It's still early in the college football season and the evaluation part of the scouting season, but already some prospects are exceeding pre-season expectations and making a name for themselves this season.
These notes are a combination of Optimum Scouting's staff members and who's been impressive to them. Get to know Mike Gillislee, DeVonte Christopher, Jordan Matthews, Manase Foketi, and especially Kaleb Ramsey.
Mike Gillislee, RB, Florida
Gillislee has been arguably the best running back in the SEC, moving from a senior with high expectations yet an injury prone history to above Dennis Johnson of Arkansas as a top 5 senior running back in the 2013 NFL Draft. If he continues to put the team on his back and continue to show that ability to be balanced through the hole and pick up meaningful chunks of yards, he’ll continue to be a mid-early round pick at running back.
Stefan Taylor, RB, StanfordAfter a consistently powerful running effort vs. USC, Taylor has begun to show his NFL talents as a running back as a prospect that can be a complete runner. Taylor may end up being among the top senior running backs by season’s end if he continues to play this week, and is currently a 3rd rounder.
DeVonte Christopher, WR, Utah
I’ve been impressed with Christopher since the pre-season, and after re-evaluating him, he’s has everything to like in a receiver. Crisp routes, body positioning in the redzone/first down situations, catches away from his body well, and has subtle separation ability. He’s a receiver prospect not to count out, and he may eventually be in the 2nd round area as a prospect.
Jordan Matthews, WR Vanderbilt
The 6’3 receiver stood out against South Carolina in week one, and followed that up with another impressive performance against Northwestern. Despite Vanderbilt having some question marks at quarterback, it seems Matthews will be a constant in this offense. As far as seniors go, he’ll be battling with Tavarres King, TJ Moe, Emory Blake, and Ryan Swope all year for the SEC’s best senior receiver.
Nicholas Edwards, WR, Eastern Washington
According to our scout Jimmy O’Brien, Edwards still lacks elite speed and has unpolished routes, but has an NFL ready body, physicality, and movement skills. His strength after the catch and his report with quarterback Kyle Padron has pushed him into the mid rounds as a receiver.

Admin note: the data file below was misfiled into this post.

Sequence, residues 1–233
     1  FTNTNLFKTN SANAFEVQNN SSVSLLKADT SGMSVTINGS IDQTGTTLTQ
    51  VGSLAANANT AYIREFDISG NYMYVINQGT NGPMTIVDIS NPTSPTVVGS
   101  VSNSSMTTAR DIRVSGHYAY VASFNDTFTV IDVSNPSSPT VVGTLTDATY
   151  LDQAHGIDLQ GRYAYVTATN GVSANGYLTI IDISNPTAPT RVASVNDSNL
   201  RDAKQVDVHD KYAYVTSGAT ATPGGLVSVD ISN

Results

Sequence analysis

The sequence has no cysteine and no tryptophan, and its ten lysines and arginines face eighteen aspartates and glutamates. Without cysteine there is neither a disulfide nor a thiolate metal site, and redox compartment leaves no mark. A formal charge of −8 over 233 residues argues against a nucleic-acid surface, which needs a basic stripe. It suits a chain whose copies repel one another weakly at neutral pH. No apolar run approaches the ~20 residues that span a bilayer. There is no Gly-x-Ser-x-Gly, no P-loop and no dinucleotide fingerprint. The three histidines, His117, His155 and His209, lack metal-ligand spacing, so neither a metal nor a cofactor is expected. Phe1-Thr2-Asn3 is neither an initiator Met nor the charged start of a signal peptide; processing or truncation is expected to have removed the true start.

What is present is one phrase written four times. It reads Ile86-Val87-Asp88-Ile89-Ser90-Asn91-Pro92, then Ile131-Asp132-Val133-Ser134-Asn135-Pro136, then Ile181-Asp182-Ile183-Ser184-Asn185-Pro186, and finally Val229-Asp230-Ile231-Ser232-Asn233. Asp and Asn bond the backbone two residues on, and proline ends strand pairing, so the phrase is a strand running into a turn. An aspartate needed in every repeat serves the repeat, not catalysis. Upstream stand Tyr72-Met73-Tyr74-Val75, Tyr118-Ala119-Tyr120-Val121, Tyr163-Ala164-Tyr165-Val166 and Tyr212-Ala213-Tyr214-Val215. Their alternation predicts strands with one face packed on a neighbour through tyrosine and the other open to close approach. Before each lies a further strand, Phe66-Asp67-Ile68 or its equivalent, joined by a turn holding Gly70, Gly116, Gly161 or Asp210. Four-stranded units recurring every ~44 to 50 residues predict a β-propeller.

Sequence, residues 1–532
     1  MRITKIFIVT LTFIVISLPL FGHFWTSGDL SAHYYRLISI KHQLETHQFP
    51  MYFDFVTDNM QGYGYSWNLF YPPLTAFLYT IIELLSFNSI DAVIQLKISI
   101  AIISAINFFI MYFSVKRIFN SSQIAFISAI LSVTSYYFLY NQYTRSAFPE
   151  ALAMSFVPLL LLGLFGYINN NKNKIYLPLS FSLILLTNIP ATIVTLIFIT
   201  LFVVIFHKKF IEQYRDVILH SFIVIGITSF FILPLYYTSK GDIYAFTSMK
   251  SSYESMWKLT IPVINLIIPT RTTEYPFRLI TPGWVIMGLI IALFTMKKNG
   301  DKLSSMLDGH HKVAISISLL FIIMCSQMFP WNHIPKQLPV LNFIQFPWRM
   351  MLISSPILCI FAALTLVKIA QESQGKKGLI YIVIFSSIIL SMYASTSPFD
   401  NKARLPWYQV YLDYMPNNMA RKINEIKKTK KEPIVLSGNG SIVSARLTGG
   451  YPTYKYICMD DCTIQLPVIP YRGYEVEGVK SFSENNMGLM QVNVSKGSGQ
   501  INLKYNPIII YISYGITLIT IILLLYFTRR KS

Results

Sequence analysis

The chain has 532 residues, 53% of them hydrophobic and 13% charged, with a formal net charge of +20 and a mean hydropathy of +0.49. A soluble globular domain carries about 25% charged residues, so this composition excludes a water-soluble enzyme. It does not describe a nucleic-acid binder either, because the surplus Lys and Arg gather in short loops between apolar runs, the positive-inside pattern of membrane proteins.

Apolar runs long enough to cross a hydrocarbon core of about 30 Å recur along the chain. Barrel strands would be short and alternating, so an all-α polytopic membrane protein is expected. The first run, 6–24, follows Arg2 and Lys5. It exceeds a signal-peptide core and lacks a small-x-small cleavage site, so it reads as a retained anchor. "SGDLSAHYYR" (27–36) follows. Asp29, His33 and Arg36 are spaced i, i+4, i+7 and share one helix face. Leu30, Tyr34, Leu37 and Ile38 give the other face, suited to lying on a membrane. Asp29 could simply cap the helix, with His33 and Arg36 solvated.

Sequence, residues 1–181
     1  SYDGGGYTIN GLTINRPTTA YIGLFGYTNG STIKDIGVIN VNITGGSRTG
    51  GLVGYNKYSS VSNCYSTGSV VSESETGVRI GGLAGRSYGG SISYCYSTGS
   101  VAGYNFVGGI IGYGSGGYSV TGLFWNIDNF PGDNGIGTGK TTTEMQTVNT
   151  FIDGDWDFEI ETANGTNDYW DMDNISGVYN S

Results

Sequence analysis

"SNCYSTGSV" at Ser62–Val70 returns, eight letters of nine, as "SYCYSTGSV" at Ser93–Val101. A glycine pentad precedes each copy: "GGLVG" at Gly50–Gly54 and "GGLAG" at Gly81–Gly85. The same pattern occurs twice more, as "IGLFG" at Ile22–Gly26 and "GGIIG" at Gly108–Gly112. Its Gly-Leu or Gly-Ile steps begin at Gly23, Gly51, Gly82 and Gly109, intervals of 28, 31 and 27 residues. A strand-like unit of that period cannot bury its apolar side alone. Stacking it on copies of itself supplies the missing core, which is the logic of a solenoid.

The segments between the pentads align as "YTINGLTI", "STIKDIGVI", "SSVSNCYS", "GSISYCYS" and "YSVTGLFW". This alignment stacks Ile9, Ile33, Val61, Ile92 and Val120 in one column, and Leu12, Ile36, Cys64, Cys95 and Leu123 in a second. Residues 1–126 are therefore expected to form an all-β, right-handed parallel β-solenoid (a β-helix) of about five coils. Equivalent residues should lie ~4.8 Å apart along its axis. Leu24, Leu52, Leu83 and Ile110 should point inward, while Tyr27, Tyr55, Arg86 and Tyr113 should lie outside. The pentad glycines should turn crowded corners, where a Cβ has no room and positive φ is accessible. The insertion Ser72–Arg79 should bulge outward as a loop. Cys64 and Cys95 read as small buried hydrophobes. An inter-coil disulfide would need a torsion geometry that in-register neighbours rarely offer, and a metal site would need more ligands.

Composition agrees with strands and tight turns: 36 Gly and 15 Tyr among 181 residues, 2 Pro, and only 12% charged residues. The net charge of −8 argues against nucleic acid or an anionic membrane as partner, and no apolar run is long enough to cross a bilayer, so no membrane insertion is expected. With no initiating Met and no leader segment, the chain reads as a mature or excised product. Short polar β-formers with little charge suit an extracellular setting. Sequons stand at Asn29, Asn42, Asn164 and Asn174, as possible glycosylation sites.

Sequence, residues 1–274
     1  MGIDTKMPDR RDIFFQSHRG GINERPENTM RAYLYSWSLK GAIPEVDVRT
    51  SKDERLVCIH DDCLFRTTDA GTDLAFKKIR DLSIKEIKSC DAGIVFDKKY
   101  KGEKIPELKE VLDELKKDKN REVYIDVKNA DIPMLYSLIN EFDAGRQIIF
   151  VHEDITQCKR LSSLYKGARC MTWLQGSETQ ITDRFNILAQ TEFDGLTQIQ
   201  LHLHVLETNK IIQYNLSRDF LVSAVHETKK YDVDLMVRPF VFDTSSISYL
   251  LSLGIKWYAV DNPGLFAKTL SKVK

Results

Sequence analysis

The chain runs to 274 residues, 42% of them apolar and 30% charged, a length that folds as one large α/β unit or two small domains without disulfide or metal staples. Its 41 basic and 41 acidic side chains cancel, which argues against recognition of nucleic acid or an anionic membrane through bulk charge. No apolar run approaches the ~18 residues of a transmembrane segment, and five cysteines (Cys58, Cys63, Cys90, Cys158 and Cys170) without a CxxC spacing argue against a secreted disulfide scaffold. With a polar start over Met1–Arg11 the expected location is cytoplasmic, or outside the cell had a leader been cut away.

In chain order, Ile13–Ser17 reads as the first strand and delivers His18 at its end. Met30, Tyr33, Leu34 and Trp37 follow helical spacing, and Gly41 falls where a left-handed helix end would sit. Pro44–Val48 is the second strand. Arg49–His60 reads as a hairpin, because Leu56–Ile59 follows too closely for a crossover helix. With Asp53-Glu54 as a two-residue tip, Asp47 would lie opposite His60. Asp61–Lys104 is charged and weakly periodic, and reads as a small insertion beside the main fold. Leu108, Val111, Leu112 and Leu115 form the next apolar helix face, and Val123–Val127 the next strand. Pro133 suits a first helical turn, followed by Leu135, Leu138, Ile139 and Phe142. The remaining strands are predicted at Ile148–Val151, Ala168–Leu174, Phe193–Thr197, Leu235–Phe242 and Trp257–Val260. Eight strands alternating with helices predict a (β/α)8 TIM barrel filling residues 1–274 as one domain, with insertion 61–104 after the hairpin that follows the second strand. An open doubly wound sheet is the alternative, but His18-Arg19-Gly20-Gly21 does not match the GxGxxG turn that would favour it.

Manase Foketi, OT, West Texas A&M
A transfer from Kansas State who was rumored to be in the mix for the Supplemental draft, the 6’5, 320 left tackle prospect has gone from questionable prospect to maybe a mid-rounder at West Texas A&M. Our scout Alex Brown wrote about his work at the LSC Festival set of games saying he “recorded somewhere between 5 and 7 pancakes” in the team’s win over Texas A&M Kingsville and “lived up to the expectations of scouts in attendance.”
Kaleb Ramsey, DT, Boston College
After missing all of 2011 with an injury, Ramsey is coming back in full force. According to Jimmy O’Brien, he may be the most underrated defensive tackle in the nation. Demonstrating burst off the ball, agility, upper body strength, violent hands, and making the most of his frame, Ramsey may be among the Top 5 senior defensive tackles in the country. May be limited as a one gap only rusher, but can play a variety of spots on the line.
Brad Sorensen/Mike Glennon, QBs
Both quarterbacks (for Southern Utah and NC State, respectively) had high expectations coming into the season, but neither has been able to capture the mid-round expectations may had for them in the pre-season, including Optimum Scouting. While Sorensen’s draft stock depends on how he plays at the post-season All-Star games because of his natural talent, Glennon still has a chance to rebound as a prospect and show he can be a capable pocket passer at the next level.
Josh Jarboe, WR, Arkansas State
While he may improve as the Sun Belt season goes on, our scout Brandon Morgan hasn’t been impressed with Jarboe (or Ryan Aplin) so far this season. Jarboe has loads of talent and upside, but in a relatively solid receiver class, he may not be draft worthy as of now.
Kevin Reddick, ILB, North Carolina
North Carolina moved to a 4-2-5 base set on defense, and Reddick has been asked to play more in space, according to Jimmy O’Brien. He’s showed average range/athleticism thus far, and is really struggling to shed blockers this year. He “looks a step slow” and is more of a “4th round prospect” based off of 2012 tape.